Thursday, November 12, 2009

Staging A Condo...."sneek peek" (video content)

Staging A Condo....."sneek peek". Staging a condo can be fun & rewarding. You don't have to be a professional to stage your own condo but you will need a few things: vision, cash, & most importantly......time. Blending these 3 things together is the "magic potion" for any "staging condo project" to be a success. Time to make some important decisions:

* Do you have the "vision" as to what you want & how to achieve it? Can you see things in your mind that may look good together & can you judge sizes, colors, textures, that may or may not look good together. Will the staging items "fit" in the areas needed & blend together without looking too sparse or.....over crowded?

Can you blend new with old & what about "gently used"? What furniture will go with the colors of your walls or that wall paper you thought you were going to have to remove but don't want the hassle? Do you have this "knack"? Is it in you? Be truthful. This will help you with your staging condo project.

* How much money do you want to spend on your staging condo project? Is money no object or do you have a "strict" budget to go by or can you hit "the middle of the road" with your staging project costs? This is a very important question you will have to answer.

If you haven't answered this question yet......stop! Do not go any further until you have answered this question. You may have to go & look at pricing out some of your major items & this will help you gauge your apprx. costs for your staging condo project. This will enable you to make this important decision.

Stand back & carefully review the existing furniture/accessories in your condo & see what you may be able to "re-use" with your staging project, as to lower the overall costs (if your budget "decides" this for you). You may surprise yourself with this excercise, not realizing by just moving things around, you might be able to take a "bite" out of your projected purchasing costs.....wow!

* The most important question to answer though is: do you have the necessary "time" to stage your condo? You won't be able to just go to one store & pick up everything you need for your staging condo project. Don't be in la la land thinking this will happen because it won't. You will be "combing the streets" for just the right armoire or the right color & texture of the couch you visioned, etc., etc.......the list goes on.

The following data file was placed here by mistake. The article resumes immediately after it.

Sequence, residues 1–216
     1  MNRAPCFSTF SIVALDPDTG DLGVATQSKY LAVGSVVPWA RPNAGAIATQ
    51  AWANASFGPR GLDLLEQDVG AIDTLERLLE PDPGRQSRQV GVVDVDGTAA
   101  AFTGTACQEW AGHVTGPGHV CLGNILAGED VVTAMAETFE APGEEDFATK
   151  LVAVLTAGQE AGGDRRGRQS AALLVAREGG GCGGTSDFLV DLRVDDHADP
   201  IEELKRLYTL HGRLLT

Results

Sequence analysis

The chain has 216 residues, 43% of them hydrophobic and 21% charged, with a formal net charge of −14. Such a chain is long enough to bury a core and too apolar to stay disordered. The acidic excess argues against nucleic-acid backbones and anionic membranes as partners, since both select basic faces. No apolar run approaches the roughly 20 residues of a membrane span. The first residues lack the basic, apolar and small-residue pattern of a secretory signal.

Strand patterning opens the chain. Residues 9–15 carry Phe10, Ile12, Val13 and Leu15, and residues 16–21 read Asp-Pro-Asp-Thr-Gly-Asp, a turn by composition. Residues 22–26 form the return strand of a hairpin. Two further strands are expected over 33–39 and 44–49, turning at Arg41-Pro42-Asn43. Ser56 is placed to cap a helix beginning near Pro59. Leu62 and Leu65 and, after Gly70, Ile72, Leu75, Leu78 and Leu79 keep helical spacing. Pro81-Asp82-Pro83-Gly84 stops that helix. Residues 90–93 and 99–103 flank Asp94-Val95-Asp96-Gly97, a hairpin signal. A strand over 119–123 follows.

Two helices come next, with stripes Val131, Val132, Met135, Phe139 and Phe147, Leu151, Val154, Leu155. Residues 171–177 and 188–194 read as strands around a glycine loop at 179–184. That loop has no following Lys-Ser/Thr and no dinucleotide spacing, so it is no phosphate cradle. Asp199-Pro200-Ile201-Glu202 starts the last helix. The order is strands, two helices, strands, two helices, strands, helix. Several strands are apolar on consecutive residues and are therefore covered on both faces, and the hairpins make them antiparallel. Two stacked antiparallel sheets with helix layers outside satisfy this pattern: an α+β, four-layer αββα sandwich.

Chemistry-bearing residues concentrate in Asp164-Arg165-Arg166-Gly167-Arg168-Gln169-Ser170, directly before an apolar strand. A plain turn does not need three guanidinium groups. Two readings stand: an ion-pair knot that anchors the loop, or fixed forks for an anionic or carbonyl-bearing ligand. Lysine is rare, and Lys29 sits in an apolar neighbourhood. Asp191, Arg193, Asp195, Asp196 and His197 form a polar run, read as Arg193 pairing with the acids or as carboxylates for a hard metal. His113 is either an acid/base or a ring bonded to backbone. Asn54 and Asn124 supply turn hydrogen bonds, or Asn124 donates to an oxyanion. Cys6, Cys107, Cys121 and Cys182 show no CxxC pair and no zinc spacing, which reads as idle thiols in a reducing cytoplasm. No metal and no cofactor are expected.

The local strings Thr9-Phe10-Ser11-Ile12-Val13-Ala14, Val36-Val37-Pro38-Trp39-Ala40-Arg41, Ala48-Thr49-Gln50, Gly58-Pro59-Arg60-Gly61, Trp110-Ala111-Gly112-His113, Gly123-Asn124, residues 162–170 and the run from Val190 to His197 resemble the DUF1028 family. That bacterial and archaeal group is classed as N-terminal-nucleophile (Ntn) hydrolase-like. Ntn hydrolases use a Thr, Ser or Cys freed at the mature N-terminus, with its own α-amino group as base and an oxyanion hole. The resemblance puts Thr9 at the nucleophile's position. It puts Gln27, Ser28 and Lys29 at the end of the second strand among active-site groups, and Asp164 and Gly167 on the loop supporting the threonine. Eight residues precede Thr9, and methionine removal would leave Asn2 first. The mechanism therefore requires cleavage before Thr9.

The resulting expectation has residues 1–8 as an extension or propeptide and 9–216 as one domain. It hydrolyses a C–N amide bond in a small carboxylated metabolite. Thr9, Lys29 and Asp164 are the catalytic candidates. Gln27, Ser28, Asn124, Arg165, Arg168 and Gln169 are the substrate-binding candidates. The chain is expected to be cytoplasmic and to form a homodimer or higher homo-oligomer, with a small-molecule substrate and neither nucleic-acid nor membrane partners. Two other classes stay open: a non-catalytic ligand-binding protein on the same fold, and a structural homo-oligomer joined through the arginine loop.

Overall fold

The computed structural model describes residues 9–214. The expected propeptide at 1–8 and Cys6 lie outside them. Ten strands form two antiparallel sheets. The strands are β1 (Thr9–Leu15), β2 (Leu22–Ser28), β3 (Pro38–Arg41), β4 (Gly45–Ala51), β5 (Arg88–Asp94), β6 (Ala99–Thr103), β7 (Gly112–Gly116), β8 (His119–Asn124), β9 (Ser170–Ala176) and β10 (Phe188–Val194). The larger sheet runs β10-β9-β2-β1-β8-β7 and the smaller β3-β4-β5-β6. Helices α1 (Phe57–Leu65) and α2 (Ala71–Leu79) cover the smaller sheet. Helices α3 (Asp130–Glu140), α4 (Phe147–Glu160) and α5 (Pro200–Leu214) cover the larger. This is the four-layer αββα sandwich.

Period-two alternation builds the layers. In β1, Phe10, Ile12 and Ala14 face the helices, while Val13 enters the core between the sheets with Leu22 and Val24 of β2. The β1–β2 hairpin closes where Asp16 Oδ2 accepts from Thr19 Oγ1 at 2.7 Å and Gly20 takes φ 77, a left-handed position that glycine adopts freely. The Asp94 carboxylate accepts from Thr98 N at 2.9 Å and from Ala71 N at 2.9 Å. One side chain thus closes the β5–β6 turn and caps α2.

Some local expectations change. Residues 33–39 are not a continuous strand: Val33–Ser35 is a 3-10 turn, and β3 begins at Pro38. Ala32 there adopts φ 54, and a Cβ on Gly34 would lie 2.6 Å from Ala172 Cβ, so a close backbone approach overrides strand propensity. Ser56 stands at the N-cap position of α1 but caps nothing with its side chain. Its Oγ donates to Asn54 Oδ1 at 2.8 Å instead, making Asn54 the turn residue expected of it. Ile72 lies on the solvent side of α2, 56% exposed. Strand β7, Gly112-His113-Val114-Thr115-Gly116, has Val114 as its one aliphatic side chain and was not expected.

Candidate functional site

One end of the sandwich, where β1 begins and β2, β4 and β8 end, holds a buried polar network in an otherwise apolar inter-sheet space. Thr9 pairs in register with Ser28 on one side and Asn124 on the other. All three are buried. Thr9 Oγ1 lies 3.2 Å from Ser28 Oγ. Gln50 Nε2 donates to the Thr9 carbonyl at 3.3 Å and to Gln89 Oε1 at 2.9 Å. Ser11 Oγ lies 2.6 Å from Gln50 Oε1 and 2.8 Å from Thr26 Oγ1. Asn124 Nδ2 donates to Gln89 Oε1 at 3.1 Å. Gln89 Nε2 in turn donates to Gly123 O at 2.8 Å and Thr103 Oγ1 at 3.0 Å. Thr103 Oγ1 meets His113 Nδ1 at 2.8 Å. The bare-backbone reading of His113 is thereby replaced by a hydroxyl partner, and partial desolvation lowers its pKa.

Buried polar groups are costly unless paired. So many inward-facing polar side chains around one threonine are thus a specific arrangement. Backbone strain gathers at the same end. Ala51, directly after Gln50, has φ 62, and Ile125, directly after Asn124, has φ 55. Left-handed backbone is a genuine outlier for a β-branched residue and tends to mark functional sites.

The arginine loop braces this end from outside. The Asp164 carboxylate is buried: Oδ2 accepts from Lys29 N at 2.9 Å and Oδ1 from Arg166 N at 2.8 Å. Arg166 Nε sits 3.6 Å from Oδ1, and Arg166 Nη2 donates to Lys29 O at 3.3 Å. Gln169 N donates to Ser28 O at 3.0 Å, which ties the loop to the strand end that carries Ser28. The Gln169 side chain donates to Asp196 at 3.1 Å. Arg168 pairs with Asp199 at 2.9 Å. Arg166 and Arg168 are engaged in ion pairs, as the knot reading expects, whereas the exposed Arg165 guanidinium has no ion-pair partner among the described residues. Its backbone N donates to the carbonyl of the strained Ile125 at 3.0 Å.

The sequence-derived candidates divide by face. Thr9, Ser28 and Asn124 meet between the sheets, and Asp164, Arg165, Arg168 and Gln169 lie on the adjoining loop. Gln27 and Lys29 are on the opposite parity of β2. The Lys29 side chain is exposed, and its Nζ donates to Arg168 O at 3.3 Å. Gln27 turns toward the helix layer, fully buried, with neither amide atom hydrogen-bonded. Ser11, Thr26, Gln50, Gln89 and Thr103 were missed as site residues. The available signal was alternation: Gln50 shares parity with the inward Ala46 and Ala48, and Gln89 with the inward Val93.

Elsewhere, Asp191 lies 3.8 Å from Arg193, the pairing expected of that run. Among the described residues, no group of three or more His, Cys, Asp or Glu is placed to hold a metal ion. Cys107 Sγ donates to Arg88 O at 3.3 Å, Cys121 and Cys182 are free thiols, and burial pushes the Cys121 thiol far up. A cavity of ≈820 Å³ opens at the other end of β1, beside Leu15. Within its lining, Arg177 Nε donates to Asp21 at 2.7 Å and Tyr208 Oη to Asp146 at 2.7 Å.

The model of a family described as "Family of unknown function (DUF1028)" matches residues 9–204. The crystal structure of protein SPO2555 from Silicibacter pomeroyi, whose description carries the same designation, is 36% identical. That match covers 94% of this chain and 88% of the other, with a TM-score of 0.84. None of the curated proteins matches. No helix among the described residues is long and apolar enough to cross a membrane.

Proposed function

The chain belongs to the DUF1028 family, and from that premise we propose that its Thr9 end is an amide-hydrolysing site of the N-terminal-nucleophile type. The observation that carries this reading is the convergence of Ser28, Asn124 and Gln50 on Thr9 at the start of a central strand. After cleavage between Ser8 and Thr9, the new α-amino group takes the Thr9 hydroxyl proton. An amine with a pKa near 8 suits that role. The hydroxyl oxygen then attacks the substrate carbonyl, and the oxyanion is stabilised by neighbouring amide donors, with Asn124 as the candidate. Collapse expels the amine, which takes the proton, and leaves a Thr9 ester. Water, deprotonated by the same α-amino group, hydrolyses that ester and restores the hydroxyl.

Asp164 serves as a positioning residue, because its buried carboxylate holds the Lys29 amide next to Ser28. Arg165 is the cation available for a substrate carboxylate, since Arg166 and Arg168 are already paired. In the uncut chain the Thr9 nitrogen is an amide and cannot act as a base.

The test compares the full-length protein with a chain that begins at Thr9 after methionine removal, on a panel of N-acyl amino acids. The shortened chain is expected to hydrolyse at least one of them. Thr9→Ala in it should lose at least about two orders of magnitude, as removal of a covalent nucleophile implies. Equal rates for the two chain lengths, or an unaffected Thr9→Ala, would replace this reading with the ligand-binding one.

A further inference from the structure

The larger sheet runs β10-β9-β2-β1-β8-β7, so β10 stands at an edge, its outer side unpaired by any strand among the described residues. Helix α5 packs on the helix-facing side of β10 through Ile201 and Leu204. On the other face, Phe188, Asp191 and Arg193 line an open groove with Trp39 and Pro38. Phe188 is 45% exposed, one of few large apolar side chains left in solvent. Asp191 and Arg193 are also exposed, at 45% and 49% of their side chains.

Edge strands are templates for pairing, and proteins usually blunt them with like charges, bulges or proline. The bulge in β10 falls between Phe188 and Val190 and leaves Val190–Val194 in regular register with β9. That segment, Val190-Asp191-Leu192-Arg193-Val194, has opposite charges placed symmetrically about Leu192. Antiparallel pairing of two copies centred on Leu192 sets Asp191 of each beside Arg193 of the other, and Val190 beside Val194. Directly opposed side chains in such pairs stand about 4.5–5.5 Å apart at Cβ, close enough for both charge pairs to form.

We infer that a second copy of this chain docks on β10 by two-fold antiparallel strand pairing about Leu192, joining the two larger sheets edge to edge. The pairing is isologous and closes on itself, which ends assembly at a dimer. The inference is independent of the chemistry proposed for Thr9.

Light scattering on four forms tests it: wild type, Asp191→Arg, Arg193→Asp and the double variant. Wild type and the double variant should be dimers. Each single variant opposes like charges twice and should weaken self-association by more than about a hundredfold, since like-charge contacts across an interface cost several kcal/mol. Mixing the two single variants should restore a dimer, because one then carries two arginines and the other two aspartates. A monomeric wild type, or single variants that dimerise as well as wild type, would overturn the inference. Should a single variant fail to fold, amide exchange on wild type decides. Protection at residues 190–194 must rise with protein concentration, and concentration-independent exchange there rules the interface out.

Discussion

You not only need to have the time to shop for all of your items for your staging project, you will also need the time to haul away the old "stuff" or hire someone to haul away (don't forget to budget for this). You might also want to put some adds up to possibly sell some of your "stuff" you're going to be hauling away. That exta cash could be used towards purchasing your "new" items.

Once that has been done, it's time to put together the rooms & install pictures, mirrors, etc.. Did I mention that you might want to be familiar with a few items such as: tape measure, level, electric drill, picture hangers, plastic anchors, etc.? Get those pictures, mirrors, accessories hanging & placed properly.......this makes "all" the difference.

Do you want your condo staging project to turn out looking just "ok" or do you want it to look GREAT? The amount of "time" you "invest" in your project will determine the outcome of the overall look of your staging condo project....capeche?

Take a look at this video which shows existing conditions before commencing with staging a condo project. I know....your condo will not look the exact as this but I want you to put your thinking cap on as to how this video applies to your project......grasp the concept here....ok? The important thing is that you "get" the "concept". Did you ever think you were going to be a "decorator"?

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You're not getting bored yet are you? I still have a ways to go but I figure "the more I talk"....."the more you learn". Fair trade-off.....right?

Now make your lists, check them twice, then it's time for the fun to begin......shopping! If you love to shop then this is for you. If you hate to shop....you may "not" want to tackle staging your condo. What?......Chicken? It's OK. You can change your mind if you need to. My Dad always says: "A wise man changes his mind....a fool never does" ..ssshhhhhh........use this saying whenever needed!

Remember when shopping: you don't have to buy all brand new furniture/accessories. Mix it up with "gently used" furniture, etc.. You'll be amazed at what you can find if you just "look". There's many a unique & one of a kind pieces out there "hiding", that may just go with your staging condo project. It's your job to find "them".......this is where your time comes into play.

Here's the staging condo project completed. The staging came out great.....I think! As you are viewing this video, keep your staging condo project in mind on how this video applies to "your" project. If that's the only thing (concept I'm talking here) you take from this article (always seeing how something can apply to your project) then give yourself a gold star! OK....here's the video. Don't ooh & ahh too much!

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The owner wanted an "Asian/Contemporary" feel for the staging project. Darker colors were used for a warmer look. A combination of golden colors were used with dashes of rust, deep reds, browns, blacks thrown in for good measure. Textures galore also make a room "pop". Keep your eyes open when shopping!

Glass table was used for dinette set (for depth perception) along with high backed narrow chairs giving a distict flare.....high-backed chairs in such a small area?...who would have "thunk"? The narrow serving table fit right in against the mirror....like it was meant to be.